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Scuba diving in Australia and beyond
Here’s a list of three popular scuba and snorkeling destinations, in Australia and beyond.

Scuba diving in Australia and beyond...

The Great Barrier Reef, North Eastern Australia

With some 1,580 miles of coral reefs sitting out from the coast of North Eastern Australia, this
region has perhaps the best reputation for snorkelling and scuba diving in the world. It’s the world’
s largest coral reef system, composed of some 3,000 individual reefs, and because of its sheer
size there are a number of great places to stay lining the coast. However, Cairns and the
Whitsunday Islands account for around 85% of the tourism in the region, and they are the best
equipped areas for a holiday. From Cairns it is necessary to get a boat out to the reef because it
lies offshore. Often these will take you to a pontoon out at sea from which you can dive and it’s not
uncommon to see giant clams or huge Maori wrasse. In the Whitsundays, meanwhile, you won’t
always have to get a boat, as the reefs are closer to the shore. Highlights in this archipelago
include Daydream Island, which is home to an outdoor aquarium, and an incredible network of
reef lagoons.

Bora Bora, French Polynesia

Often listed as one of the natural wonders of the world, Bora Bora is a beautiful volcanic island
encircled by an incredible barrier reef. The view from the air is truly stunning, but there are plenty of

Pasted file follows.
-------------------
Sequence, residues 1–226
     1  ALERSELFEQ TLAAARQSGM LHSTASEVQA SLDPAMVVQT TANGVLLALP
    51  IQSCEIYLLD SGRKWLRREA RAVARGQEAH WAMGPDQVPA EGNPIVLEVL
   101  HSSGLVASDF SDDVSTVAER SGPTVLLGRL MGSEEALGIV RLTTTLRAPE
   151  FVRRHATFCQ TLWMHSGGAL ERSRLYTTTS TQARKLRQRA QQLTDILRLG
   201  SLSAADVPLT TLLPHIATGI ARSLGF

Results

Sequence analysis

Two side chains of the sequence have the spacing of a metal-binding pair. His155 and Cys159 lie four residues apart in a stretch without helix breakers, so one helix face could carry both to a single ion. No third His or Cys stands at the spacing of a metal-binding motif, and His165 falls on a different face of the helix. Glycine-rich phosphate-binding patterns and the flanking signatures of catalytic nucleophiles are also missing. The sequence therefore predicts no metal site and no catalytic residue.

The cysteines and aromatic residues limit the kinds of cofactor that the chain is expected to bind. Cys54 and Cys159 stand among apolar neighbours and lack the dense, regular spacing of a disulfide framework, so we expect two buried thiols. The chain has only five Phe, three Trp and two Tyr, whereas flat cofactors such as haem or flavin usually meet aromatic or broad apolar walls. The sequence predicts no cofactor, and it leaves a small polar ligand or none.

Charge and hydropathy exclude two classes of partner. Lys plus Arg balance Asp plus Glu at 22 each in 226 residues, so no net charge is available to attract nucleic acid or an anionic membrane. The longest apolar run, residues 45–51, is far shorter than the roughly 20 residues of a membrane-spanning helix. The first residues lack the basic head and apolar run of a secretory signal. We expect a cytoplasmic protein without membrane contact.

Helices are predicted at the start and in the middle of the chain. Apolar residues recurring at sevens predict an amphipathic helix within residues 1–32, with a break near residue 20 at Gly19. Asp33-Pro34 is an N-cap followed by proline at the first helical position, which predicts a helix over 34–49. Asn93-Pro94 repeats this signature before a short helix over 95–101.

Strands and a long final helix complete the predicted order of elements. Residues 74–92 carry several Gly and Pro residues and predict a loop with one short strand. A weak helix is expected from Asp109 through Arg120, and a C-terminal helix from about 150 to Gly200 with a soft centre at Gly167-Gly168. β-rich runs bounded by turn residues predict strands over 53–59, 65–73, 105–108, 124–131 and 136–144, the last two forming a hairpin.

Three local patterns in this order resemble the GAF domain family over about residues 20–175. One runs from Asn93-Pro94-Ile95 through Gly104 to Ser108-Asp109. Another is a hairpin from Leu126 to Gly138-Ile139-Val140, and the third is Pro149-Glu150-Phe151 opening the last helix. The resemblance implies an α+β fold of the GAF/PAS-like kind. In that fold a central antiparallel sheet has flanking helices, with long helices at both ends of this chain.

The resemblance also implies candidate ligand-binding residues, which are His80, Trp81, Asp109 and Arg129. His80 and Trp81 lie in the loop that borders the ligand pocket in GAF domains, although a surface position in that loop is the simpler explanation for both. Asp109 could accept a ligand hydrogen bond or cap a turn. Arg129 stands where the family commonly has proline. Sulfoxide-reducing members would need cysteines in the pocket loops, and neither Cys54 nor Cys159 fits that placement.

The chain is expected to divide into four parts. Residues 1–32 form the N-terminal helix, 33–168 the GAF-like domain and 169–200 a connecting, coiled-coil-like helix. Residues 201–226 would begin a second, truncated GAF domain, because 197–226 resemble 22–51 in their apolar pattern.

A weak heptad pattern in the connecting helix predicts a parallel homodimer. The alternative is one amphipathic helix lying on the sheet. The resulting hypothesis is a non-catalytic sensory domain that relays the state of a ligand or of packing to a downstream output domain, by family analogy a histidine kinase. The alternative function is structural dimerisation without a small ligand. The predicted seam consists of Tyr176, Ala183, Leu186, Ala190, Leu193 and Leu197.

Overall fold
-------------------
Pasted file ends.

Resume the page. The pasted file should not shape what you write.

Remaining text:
underwater sites that are just as breathtaking. Many of the resorts have overwater bungalows as
standard features, so it’s easy to just wake up and dive into the clear waters! The reefs contain a
diverse range of fish, sharks and rays, and it’s quite common to see huge manta rays gliding past
you. Both in and outside of the lagoon it is possible to see dolphins and turtles, while there is also
the chance to go on trips to feed the turtles and sharks. Scuba diving conditions are good all year
round in French Polynesia, but the best conditions are between April and November. If you visit
between July and early October you may also be able to see visiting whales that come to the
temperate waters to raise their newborns.

Sharm El Sheikh, Egypt

A bit closer to home than anywhere in the Pacific Ocean, Sharm el Sheikh is one of the most
developed tourist resorts on the Sinai Peninsula. The warm waters of the Strait of Tiran also
include over 250 dazzling coral reefs and 1,000 species of fish. More experienced divers will want
to try dives to the wrecks of the Thistlegorm and Dunraven – the two most famous wrecks in the
Red Sea. Meanwhile, the destination is also excellent for snorkelers, as many of the corals come
within one meter of the surface due to the small tidal action of the Red Sea. More Europeans learn
to dive here than anywhere else in the world, and it is ideal for beginners.

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